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Am Rev Respir Dis. 1984 Jan;129(1):96-100.

Free fatty acid and triglyceride content of Mycobacterium avium cultured under different growth conditions.


Previous investigations demonstrated that Mycobacterium avium has a requirement for fatty acid, which can be fulfilled by palmitic (C16:0) or oleic (C18:1) acids, and that it incorporates the fatty acid into triglycerides that are later utilized. Mycobacterium avium was grown in continuous culture or batch-cultured in medium that contained palmitic acid as the fatty acid source, but lacked albumin. Cells were extracted and free fatty acids and triglycerides were obtained by preparative thin-layer chromatography. The triglycerides were further purified by column chromatography. The free fatty acids were methylated and analyzed by gas chromatography. Oleic acid represented 40 to 64% of the total free fatty acids, except for cells batch-cultured and limited for nitrogen. The latter cells contained about 27% oleic acid, and 24% of the free fatty acids were of sizes greater than C24:0. The amount of palmitic acid varied considerably, but it and oleic acid together usually accounted for 70% of the total free fatty acids. The overall fatty acid content of the triglycerides was similar to that of the free fatty acids. However, two size classes of triglycerides were found that approximated the sizes of tristearin (C54) and tricaprylin (C24), molecular weights of 892 and 471 daltons, respectively. It is concluded that these types of studies may eventually lead to more accurate identification of pathogenic mycobacteria by means of gas chromatographic analyses.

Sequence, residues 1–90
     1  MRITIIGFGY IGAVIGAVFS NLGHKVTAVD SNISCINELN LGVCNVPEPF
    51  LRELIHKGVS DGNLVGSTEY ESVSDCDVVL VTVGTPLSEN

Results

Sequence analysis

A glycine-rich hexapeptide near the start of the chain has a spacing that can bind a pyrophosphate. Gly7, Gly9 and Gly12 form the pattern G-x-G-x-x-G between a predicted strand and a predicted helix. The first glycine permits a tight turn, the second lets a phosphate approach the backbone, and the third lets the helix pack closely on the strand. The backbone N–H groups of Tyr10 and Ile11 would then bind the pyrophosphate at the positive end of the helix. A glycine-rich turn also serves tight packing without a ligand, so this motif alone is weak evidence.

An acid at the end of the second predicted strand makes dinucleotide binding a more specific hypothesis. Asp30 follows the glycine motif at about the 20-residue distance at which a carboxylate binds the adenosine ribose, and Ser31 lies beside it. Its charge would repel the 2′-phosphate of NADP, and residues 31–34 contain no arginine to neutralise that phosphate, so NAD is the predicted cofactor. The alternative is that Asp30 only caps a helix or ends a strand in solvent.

[Indexed for MEDLINE]

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